If you’ve ever had more than one cat under your roof, you may have noticed a feline behaviour crop up where – every so often – one cat will begin to lick and groom another. At this point, either the first cat will continue to groom the second on his or her own, or the second cat will join in, grooming the first cat back until the two begin licking and grooming one another for a little while. If you’ve ever seen this behaviour firsthand, you’ve been lucky enough to be a witness to the incredibly neat behaviour of domestic cat allogrooming.
Allogrooming – or social grooming between two or more members of the same species – is something that many species do. I’m sure you can already think of an example or two that feels similar to two cats licking one another – monkeys picking fleas and lice out of each other’s hair, for instance. There are many commonalities between allogrooming behaviours from one species to the next, but there are also differences, so what I’ll be talking about here are specifically facts and theories scientists have discovered and refined through studying allogrooming in the domestic cat world.
Picture from post Go Time & Cats Playing Nice
Facts We Know About Allogrooming in Domestic Cats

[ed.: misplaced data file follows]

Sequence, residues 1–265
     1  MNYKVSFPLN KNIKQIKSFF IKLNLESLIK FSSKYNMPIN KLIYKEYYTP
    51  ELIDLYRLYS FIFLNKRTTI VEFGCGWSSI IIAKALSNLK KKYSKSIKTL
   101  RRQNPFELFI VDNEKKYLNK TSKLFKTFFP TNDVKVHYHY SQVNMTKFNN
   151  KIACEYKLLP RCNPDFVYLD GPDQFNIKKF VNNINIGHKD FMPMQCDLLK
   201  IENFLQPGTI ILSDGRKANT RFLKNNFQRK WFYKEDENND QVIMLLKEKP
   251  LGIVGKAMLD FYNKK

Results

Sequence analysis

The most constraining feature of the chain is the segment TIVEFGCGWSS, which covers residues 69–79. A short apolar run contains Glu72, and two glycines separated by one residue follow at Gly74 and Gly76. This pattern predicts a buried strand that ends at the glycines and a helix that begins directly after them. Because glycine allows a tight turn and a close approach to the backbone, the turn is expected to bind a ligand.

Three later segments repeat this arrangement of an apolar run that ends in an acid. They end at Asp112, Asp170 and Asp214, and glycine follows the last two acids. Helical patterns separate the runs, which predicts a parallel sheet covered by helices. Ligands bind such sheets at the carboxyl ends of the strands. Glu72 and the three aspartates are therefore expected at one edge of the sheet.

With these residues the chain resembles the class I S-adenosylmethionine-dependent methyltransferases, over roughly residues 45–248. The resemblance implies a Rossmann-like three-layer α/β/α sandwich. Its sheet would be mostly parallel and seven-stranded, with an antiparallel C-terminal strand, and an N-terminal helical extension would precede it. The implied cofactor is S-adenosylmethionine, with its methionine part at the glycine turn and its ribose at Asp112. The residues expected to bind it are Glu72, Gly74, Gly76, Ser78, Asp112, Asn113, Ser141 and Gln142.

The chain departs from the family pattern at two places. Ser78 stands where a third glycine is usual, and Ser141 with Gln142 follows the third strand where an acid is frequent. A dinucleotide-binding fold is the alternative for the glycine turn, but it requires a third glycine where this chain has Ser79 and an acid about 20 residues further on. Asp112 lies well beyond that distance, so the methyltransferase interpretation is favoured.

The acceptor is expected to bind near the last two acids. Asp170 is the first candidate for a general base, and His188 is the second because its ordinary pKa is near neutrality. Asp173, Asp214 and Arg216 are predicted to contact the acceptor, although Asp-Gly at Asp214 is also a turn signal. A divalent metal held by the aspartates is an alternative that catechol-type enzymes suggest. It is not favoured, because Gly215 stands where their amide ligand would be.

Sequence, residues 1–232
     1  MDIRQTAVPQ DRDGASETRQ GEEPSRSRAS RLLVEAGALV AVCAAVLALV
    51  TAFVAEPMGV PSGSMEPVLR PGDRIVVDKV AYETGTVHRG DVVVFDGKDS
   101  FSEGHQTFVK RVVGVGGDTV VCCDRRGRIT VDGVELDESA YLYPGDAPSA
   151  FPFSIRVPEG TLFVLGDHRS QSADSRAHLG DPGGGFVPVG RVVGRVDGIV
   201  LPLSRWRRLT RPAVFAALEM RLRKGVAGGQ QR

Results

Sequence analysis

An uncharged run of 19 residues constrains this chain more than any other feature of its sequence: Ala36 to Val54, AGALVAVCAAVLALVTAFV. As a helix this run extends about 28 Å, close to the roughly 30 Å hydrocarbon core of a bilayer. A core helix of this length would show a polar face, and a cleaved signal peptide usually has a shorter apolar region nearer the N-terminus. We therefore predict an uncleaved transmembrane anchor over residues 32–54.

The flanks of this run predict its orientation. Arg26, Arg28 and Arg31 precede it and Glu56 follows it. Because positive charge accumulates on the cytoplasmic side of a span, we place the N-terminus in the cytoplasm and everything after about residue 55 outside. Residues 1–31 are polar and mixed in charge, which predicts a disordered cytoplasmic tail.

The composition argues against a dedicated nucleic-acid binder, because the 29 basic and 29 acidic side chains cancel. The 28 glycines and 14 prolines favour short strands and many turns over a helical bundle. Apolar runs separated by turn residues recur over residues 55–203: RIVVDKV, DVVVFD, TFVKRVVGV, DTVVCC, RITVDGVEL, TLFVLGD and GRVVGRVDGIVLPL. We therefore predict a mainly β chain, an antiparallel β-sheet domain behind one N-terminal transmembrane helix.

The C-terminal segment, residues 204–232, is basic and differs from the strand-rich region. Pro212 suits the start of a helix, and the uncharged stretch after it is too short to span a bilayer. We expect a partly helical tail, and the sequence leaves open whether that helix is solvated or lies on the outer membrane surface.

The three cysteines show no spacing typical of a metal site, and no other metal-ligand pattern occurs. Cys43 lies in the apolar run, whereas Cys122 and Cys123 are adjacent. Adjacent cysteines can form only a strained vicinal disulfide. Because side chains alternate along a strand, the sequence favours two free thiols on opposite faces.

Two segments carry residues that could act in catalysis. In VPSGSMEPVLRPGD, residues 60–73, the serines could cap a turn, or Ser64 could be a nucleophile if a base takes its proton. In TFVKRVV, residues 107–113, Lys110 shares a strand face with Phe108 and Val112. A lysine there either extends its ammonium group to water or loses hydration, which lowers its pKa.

There are a number of things we know to be true about allogroming in domestic cats. They are the following:
- Both indoor and outdoor cats allogroom.
While I’m not saying they both allogroom at the same rate or frequency (house cats typically allogroom more since they are in closer proximity to other cats, and that’s a factor in whether there will be more allogrooming), still – both indoor and outdoor cats engage in allogrooming behaviour.
- Cats that are spayed and not spayed, neutered and not neutered allogroom.
Spayed and neutered cats, as well as cats that haven’t been neutered or spayed, will all engage in allogrooming behaviours. Again, there are differences in frequency and likelihood of spayed vs not spayed and neutered vs not neutered cats grooming another cat, but it’s still true that all types do allogroom.
- Allogrooming occurs regardless of a cat’s gender – and regardless of the gender combination.
Male and female cats both allogroom – though male cats seem to groom other cats more than female cats seem to groom other cats. Male and male cats allogroom, male and female cats groom each other, and female and female cats also lick each other clean in allogrooming sessions. That being said, male and male allogrooming sessions are most popular, with female and female is likely the least frequent allogrooming gender combination to take place.
- While two cats may regularly engage in allogrooming together, one cat will typically give the majority of the grooming.